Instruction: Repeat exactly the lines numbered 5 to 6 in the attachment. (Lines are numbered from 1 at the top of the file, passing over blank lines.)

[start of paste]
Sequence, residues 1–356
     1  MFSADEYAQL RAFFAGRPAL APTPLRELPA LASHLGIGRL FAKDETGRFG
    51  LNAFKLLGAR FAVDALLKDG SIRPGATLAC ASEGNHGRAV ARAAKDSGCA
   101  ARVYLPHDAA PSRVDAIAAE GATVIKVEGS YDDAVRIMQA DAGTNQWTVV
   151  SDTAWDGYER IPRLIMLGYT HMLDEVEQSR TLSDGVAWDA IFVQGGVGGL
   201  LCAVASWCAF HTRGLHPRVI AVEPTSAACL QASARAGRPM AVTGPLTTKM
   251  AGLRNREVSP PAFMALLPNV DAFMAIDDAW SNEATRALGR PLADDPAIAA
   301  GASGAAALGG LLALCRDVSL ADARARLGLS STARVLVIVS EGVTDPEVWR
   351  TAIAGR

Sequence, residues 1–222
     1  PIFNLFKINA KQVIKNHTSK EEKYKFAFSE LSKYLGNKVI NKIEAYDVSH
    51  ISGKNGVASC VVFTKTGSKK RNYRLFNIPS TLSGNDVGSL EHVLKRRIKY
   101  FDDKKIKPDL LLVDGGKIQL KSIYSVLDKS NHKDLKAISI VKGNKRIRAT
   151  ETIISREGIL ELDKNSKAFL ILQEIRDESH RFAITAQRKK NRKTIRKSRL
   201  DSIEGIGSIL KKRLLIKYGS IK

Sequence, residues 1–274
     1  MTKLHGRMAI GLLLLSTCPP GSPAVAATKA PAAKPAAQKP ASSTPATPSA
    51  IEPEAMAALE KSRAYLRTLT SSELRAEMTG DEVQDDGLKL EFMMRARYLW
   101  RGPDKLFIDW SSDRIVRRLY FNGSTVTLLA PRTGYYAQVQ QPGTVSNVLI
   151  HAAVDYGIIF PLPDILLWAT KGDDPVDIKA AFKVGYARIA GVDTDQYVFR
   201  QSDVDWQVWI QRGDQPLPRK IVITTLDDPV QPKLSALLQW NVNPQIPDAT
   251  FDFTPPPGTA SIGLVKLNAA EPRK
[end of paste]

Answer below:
   151  SDTAWDGYER IPRLIMLGYT HMLDEVEQSR TLSDGVAWDA IFVQGGVGGL
   201  LCAVASWCAF HTRGLHPRVI AVEPTSAACL QASARAGRPM AVTGPLTTKM